My parents moved into my grandmother’s house on Philip Place Irvington New Jersey. We moved there after my brother Mendel Shmuel was born. This is the house where my father Paul grew up together with his brother Stanley. It is the house which became my home where my Grandmother raised me. I came to understand with the years that I had replaced the daughter my grandmother had to bury years earlier. I never knew her name, nor why she left her body so young. My grandmother kept many secrets to herself as did many of her generation. It is the house down the street from the synagogue that Louis, her husband/my grandfather whom I have never met except in stories or photographs, helped to build, Congregation Ahavas Achim Bikur Cholim (Congregation Love your brother and visit the sick).
It was in her tiny crowded kitchen with the yellowed formica table, two chairs, two pit stove and oven, juicer and mixer with three stainless steel bowls filled with rubber spatulas of all shapes, colours and sizes, that I learned to cook, bake and prepare the traditional Jewish dishes which have become part of my memory and present identity.
Sukkoth is a soup making marathon for me.
My grandmother would write out a shopping list on scraps of paper and used envelopes. She would always write with pencil stubs, often in Yiddish and sometimes in English. My grandmother despised making mistakes. Often words were misspelled, crossed out and then little words written in Yiddish would appear criss cross across the paper. She would hand me the paper each morning, together with a little leather purse filled with coins and folded dollar bills.“Go to the A&P, the closest supermarket and pick up these few things. I need them for the soup. Hurry up Sarilyn, and be careful. It’s a jungle out there! (my grandmother was famous for saying those last words).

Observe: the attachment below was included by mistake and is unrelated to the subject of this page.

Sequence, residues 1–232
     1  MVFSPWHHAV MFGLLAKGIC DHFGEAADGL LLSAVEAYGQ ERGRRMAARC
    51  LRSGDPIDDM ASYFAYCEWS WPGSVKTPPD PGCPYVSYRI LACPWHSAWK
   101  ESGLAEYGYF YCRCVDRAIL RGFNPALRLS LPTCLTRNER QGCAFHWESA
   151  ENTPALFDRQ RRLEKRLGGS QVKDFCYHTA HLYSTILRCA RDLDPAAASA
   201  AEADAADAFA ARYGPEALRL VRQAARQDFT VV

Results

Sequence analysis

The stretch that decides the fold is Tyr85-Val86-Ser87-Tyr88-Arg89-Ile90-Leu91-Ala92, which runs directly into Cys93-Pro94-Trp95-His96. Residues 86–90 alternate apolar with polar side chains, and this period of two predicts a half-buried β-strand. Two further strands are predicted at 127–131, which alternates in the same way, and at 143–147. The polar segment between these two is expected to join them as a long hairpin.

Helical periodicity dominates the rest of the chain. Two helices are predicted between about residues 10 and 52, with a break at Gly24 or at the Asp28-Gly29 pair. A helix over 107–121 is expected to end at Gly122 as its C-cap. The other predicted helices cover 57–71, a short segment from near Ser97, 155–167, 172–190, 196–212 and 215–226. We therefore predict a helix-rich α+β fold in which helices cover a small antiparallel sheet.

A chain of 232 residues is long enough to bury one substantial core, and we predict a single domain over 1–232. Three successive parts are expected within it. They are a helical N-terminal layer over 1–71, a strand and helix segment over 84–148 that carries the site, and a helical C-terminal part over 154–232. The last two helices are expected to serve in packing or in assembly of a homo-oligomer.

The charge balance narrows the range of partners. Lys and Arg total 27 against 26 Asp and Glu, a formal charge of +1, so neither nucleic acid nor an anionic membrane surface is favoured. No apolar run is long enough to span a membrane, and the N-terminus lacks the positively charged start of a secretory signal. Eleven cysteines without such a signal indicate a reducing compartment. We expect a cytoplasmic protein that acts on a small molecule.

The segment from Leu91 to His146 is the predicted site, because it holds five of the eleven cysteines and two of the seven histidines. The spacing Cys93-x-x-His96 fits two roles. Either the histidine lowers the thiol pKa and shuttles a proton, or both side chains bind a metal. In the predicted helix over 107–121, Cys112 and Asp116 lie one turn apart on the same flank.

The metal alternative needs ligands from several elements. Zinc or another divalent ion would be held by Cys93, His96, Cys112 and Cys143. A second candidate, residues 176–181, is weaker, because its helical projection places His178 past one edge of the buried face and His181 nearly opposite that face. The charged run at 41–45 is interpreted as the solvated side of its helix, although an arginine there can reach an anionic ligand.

I took my shopping missions very seriously. I remember walking briskly past the synagogue on the corner, turning left on Chancellor Avenue and heading off to the A&P supermarket, the shopping list secure in my back pocket. It took almost 12 minutes to arrive there. There was a kosher foods section carrying kosher sea salts, spices and yartzeit candles to commemorate the anniversary of the dead. My grandmother always needed yartzeit candles, especially during the Jewish holidays.
I pulled out the shopping list and read that I needed to buy kummel and bulbes (potatoes) with thin skins, parsley and smetene (sour cream) and if they had them yartzeit candles. And lochshon (egg noodles). You could never have enough lochshon in the pantry (another famous saying of my grandmother). Easily I found the ingredients and placed them in the little wicker basket. I went to the aisle to pay . Luckily there was enough money in the leather purse. An older man waited behind the cash register and packed up the goods in a brown paperbag for me.